Google Maps has recently introduced a new feature for visually impaired users (blind or partially sighted people). Maps now offers more detailed voice guidance than before, with verbal cues to make navigating with limited vision much easier.
“Going somewhere new can be a challenge – you have to cross many new streets, navigate intersections that are often busy and potentially dangerous. You may miss turn-offs; you may even get lost!” Explains Leila Aniya, a special education teacher at Writinity and LastMinuteWriting.
Now, imagine you are one of the 36 million people in the world who are blind, or the 217 million people who have a visual impairment. Even simple journeys are instantly more challenging for the visually impaired, and although familiar trips are easy, like from our home to the office, going somewhere strange can be intimidating and even scary.
Google’s new feature helps visually impaired people know they are on the right route and to know when they are approaching a turn – it also lets them know if they are approaching an intersection, and alerts them if they leave the route.
The app update has been built with Google employee Wakana Sugiyama, ‘from the ground up, by and for people with vision impairments.’ Sugiyama is visually impaired herself, and works for Google as a Business Analyst in the Online Partnerships Group. She worked with the Maps team to advise on the new features and to test early versions herself.
In a blog post, Sugiyama noted that she can navigate the streets of Tokyo with a lot more comfort and confidence. As she goes on her journey, Google Maps proactively lets her know that she’s on the correct route, what the distance is to her next turn, and what direction she is walking in. As she approaches larger intersections, she gets a heads-up to cross with added caution. Similarily, if she accidentally leaves her route, she receives a spoken notification she is being re-routed. All of these features make her, and she hopes, other visually impaired people, feel a great deal more confident about making journeys around cities.
The update was released in October 2019, starting on Android and iOS systems. It’s currently available in English and Japanese, but is being translated into other languages soon.
Once installed, the app feature is enabled by going into the settings options in Google Maps, choosing Navigation, finding the Walking Options header, and enabling Detailed Voice Guidance.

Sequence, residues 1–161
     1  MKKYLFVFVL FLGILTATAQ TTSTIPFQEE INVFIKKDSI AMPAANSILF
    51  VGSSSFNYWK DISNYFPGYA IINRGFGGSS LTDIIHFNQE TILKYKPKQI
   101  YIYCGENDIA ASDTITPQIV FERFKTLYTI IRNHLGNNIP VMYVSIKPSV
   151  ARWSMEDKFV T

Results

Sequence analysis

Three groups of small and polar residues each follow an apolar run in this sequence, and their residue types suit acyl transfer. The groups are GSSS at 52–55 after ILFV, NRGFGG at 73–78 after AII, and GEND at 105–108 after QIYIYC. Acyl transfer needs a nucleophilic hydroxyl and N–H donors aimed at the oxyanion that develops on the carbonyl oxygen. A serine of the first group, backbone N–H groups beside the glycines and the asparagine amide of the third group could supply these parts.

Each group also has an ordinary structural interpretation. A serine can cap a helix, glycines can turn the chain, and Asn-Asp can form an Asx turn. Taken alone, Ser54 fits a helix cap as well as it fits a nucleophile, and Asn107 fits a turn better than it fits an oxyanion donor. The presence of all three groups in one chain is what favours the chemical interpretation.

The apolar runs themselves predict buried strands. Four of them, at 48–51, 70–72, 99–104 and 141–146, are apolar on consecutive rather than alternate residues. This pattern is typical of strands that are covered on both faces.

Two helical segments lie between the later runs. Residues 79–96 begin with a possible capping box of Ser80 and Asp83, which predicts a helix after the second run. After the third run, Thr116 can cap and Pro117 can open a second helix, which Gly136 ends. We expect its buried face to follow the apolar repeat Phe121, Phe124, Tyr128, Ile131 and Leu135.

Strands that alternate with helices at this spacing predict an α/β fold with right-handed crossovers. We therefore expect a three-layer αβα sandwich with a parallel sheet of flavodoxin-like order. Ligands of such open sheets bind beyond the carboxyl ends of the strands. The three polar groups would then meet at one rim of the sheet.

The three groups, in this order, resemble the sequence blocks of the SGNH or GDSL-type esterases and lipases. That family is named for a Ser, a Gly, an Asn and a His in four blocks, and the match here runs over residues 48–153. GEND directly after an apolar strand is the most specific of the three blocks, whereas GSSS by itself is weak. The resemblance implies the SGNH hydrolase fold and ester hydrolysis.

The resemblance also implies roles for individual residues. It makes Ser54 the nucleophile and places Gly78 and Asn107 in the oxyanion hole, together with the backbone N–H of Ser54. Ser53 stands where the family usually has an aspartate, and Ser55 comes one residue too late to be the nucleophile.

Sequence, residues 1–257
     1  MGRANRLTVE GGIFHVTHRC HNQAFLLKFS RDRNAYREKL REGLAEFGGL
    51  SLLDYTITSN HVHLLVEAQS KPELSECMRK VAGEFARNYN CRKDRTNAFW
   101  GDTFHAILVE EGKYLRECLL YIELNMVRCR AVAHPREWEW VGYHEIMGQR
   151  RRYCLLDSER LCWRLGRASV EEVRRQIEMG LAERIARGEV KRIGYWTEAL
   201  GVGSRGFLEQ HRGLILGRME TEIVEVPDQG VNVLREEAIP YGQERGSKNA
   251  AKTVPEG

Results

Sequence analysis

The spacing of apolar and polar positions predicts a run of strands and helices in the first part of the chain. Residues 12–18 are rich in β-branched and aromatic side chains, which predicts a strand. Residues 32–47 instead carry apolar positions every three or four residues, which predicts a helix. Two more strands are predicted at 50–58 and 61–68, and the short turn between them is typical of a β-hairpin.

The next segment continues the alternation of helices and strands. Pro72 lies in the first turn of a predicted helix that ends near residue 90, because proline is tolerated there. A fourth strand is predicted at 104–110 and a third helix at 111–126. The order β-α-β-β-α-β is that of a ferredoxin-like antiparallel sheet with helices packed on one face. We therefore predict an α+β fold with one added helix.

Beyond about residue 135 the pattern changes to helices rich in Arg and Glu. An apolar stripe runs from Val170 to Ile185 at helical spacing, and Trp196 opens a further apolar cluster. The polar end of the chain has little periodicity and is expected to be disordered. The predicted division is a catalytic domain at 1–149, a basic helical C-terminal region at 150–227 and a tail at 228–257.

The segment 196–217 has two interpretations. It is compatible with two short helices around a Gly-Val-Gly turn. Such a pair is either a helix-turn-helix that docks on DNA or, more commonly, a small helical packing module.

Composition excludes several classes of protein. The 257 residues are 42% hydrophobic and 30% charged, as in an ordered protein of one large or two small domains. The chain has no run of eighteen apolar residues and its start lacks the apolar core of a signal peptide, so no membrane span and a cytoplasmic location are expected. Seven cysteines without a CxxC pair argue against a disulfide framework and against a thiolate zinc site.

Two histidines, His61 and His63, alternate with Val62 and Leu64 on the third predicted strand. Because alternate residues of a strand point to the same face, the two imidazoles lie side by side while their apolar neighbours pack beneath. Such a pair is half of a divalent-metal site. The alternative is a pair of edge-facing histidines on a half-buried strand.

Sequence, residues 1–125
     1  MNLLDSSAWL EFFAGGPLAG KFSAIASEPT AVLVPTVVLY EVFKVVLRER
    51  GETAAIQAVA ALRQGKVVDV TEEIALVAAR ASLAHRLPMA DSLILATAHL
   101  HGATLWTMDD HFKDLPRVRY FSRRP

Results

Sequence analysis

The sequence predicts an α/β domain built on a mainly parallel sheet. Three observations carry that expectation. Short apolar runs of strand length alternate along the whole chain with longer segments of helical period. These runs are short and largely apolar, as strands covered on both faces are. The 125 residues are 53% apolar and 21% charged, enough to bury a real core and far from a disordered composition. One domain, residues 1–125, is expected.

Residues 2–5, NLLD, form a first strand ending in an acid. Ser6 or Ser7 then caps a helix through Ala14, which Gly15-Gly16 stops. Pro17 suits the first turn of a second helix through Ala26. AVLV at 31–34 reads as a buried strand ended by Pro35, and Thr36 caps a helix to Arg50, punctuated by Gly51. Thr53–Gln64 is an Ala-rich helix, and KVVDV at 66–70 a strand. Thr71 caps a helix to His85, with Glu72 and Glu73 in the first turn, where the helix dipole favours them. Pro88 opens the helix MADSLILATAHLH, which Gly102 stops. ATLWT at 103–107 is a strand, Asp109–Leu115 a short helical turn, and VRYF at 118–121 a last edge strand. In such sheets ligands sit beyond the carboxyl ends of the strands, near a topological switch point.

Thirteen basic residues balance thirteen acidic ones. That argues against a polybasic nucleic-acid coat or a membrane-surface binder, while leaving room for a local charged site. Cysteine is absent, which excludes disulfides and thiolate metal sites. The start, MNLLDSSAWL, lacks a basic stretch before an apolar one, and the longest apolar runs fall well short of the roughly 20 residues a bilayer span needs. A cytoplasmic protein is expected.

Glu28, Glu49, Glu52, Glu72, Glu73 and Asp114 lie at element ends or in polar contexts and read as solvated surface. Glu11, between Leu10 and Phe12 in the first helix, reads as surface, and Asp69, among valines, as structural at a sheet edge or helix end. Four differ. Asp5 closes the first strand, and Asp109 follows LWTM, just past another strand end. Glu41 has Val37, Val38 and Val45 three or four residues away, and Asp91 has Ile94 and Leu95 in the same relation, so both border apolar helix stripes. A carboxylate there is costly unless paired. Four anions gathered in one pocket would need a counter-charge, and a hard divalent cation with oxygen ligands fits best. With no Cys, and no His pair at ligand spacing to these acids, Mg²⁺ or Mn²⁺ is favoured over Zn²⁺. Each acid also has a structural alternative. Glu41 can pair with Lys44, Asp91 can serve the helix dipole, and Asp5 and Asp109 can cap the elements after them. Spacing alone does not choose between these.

As Sugiyama noted, the update gives visually impaired people a great degree more freedom and confidence wherever they are going. They can also be used by people who want a more screen-free experience walking to their next destination – it’s an update for everyone! It’s a bit like being on a bus or tram and receiving audio notifications of when to get off. Of course, not everyone wants this kind of guidance, but it’s great to have the option.
Google has also released another feature for users with vision impairments – an automated image descriptions feature for the internet browser Google Chrome. Using machine learning, this update describes with an image depicts and describes this to the user via screen reader or Braille display. This massively improves the experience of the internet for the visually impaired, allowing them to see images that have previously been inaccessible to them – given that online content is largely visual!
It’s a step in the right direction by tech companies! These updates come in lieu of World Sight Day, which is observed annually on the second Thursday of October. The intent of World Sight Day is to draw attention to blindness and vision impairment, and was originally initiated by the SightFirstCampaign of Lions Club International Foundation in 2000. Since then, it has been integrated into Vision 2020 and the World Health Organization. The theme for 2014 was ‘No More Avoidable Blindness.’
“It’s great to see tech companies paying more and more attention to physically impaired users, and using technology to combat the difficulties they face. We hope to see more updates like this in the future. The possibilities, when we use technology to make life easier for disabled users, are endless!” Says Alecia Watt, a tech writer at DraftBeyond and Researchpapersuk.